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Cultural blight

Plant disease threatens traditions of California tribes

 

Mary Larson Bishop gazes at the folds and peaks of the Santa Lucia Range with longing. "I used to go deep into the woods looking for herbs," says the Salinan tribal elder, who is known for her knowledge of medicinal plants such as yerba santa, traditionally used to heal skin inflammation. Now, she no longer roams the Central California coastal hills. "I'm afraid of bringing anything out of the woods that might spread to other trees," says Bishop. "I don't want to track that crud out of the hills."

The "crud" is Phytophthora ramorum, a minuscule waterborne mold that weakens and kills many species of native trees and plants. The pathogen, which causes both Sudden Oak Death and Ramorum blight, was first discovered in the mid-1990s. Since then, it has spread to 14 California counties along the Pacific Coast, and even to Washington and Oregon. It travels by clinging to boots, hands, pant legs and tires. 

The mold enters through the bark of a plant and literally eats its victim from the inside out, making it hard to diagnose until leaves start turning brown. It damages the twigs and leaves of more than 25 plants that tribes use for basketry, medicine and ceremonial purposes, including California bay laurel, maidenhair fern, madrone, Douglas fir, and coast redwood. The disease also attacks oaks, including tanoak, coast live oak, California black oak, Shreve oak and canyon live oak. A total of at least 250,000 acres of oaks have already died.

Many California and southern Oregon tribes, including the Salinan, Hoopa, Yurok and Karuk, have long relied on oaks for food as well as for cultural practices ranging from basketry to land management. "The overarching concern is for the oaks, since they are such an important plant for both humans and for wildlife," says Jennifer Kalt, a botanist with the California Indian Basketweavers' Association. The disease has disrupted coastal ecosystems and inconvenienced outdoor recreationists. But for the more than 30 coastal tribes known collectively as the Acorn Peoples, even more is at stake -- thousands of years of cultural practices and tradition.

Tribal members "come back to the same spot every year to gather acorns from the tanoak," says Nolan Colegrove, the Hoopa Tribe's senior forestry manager. Although the tribe's own land is not yet affected, P. ramorum has wiped out entire tanoak forests on public land that once served not only for food gathering, but for storytelling, instruction and ceremonies. If the mold continues to kill off oaks and interrupt plant-gathering cycles, elders could lose the chance to pass their knowledge to the next generation.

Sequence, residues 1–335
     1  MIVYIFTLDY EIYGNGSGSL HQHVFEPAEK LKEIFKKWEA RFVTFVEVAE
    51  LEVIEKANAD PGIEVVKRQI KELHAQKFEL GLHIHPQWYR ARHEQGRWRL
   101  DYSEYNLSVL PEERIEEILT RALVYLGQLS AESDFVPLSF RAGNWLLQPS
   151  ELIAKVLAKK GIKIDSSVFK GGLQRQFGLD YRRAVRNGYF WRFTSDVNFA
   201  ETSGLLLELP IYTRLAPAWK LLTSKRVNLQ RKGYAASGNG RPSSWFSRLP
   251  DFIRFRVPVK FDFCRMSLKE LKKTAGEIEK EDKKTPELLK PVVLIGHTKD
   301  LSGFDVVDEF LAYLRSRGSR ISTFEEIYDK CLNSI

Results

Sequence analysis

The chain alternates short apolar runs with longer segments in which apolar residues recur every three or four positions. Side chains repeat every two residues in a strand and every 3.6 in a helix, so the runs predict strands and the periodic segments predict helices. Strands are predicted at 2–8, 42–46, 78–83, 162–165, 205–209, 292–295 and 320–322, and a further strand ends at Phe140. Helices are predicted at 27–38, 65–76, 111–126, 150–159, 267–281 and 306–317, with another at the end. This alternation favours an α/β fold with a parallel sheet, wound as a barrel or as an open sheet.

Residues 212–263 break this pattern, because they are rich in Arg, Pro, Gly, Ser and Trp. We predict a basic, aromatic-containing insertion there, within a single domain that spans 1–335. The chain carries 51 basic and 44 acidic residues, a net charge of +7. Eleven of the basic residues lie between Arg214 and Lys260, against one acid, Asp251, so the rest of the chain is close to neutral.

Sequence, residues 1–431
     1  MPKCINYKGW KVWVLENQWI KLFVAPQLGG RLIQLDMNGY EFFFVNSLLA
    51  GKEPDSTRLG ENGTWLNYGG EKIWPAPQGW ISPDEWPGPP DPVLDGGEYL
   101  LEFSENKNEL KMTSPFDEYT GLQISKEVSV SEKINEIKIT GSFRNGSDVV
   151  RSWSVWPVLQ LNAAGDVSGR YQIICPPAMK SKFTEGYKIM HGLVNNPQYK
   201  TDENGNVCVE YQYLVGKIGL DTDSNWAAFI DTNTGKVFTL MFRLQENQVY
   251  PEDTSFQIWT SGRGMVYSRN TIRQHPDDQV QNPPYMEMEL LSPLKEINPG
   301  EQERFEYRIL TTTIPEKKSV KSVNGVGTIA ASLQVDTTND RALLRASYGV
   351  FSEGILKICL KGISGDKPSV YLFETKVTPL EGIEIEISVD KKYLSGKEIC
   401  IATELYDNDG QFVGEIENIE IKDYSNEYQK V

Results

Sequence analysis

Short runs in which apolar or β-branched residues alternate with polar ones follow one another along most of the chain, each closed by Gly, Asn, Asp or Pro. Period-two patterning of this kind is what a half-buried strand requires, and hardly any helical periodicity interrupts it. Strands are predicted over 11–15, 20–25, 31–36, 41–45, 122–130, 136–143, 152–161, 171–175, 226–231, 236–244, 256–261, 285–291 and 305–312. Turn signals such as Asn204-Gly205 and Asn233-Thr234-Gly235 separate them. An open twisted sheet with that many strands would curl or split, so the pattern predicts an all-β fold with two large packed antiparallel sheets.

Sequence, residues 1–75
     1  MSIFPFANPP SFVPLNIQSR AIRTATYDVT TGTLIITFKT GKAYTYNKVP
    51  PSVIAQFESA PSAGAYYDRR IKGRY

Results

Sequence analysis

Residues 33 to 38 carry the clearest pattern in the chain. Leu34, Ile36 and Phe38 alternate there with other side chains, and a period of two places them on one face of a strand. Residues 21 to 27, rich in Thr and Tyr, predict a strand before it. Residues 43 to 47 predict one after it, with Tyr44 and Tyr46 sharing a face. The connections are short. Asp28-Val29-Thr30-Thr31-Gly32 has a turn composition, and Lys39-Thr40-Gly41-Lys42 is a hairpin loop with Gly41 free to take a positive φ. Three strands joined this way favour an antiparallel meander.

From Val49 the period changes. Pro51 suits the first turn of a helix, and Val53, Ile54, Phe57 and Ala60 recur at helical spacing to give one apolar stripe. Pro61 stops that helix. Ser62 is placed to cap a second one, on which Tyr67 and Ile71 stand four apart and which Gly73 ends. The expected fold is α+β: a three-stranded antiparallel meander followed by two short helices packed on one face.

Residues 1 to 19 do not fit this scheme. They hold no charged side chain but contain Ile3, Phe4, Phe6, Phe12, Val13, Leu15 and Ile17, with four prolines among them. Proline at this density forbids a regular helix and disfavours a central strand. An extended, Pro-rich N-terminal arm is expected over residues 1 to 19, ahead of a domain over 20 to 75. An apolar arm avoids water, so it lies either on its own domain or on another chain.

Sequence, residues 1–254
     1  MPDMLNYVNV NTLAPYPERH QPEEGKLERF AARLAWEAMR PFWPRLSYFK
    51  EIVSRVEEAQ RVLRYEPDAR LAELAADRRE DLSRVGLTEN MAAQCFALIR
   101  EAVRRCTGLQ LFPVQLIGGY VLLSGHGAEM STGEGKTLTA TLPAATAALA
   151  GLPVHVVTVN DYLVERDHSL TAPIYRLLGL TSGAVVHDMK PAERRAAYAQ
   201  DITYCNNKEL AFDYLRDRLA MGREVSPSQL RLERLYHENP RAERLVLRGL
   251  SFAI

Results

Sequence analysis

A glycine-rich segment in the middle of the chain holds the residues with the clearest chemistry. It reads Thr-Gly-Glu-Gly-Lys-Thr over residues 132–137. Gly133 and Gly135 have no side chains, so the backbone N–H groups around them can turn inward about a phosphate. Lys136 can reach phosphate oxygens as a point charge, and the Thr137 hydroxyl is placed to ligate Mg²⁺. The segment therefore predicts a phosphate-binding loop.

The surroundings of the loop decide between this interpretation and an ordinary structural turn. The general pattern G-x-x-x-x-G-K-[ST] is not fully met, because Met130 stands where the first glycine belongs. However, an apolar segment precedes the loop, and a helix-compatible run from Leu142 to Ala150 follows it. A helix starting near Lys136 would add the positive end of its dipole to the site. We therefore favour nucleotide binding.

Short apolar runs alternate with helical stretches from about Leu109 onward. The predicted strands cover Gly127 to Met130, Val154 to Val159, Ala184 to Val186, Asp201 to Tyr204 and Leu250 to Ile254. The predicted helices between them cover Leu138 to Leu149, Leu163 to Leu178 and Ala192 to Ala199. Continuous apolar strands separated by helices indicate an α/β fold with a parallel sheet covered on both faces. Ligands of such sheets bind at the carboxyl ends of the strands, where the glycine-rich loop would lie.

Some tribal members also worry about the mold's impacts on human health. "I have heard basketweavers ask scientists if ingesting the pathogen can be harmful, since they use their teeth for weaving and of course eat the acorns, and I have never heard anyone answer that question," says Kalt. So far, researchers have found no health problems caused by handling or ingesting the mold, according to Katie Palmieri, spokeswoman for the California Oak Mortality Task Force, although scientists still have much to learn about the pathogen.

To help control the spread of P. ramorum, which proliferates in cool, moist conditions, tribal members try to stay out of the forests during the rainy season, although that's the best time to gather many plants. Even in the dry summertime, stringent protocols instituted by tribal, state and federal land-management agencies must be followed in quarantined areas. Traditional gatherers and foresters alike have to wash soil and plant matter off their vehicles, equipment, clothing, and footwear with bleach before leaving the woods. Firewood, forest products and commercial nursery plants from quarantined areas must be certified pathogen-free. Outside quarantined areas, plants for basketry or medicine can still be taken, but gatherers are asked to dry the plants as soon as possible, burn unused parts such as bark, and boil any soaking water before pouring it out. Once a plant is infected, fungicides are ineffective. A chemical called Agri-Fos can help healthy plants resist the disease, but at the cost of making the plants and their products toxic to humans.

The Hoopa and Yurok tribes are participating in a study that monitors the spread of the mold. "It's just a matter of time," says Colegrove, before P. ramorum invades Hoopa lands. "And it's not like we can go anywhere else." Tribes believe that for spiritual and cultural reasons, their ceremonies and dances must be practiced within certain sites on their traditional lands --  sites that could become quarantined due to P. ramorum infection.

In the meantime, the tribes are considering a traditional forest-management tool to combat the microscopic menace. For thousands of years, Indians used fire to clear brush and stimulate growth of beneficial species such as native grasses, and some think fire could help control the disease. So far, however, the use of controlled burns is still under discussion. 

But the California tribes remain hopeful. Bishop says, "My youngest daughter, Michelle Irvine, goes into the woods when the trees drop their acorns and brings them home." Irvine is sprouting the acorns and replanting seedlings across the Central Coast. "I have a beautiful red oak that she grew from an acorn; it is a very healthy tree," says Bishop. "I am hoping that someone will find a cure for this disease."

The author is a Salinan/Esselen Indian journalist based in Phoenix, Arizona.

This story was funded by a grant from the David and Lucile Packard Foundation.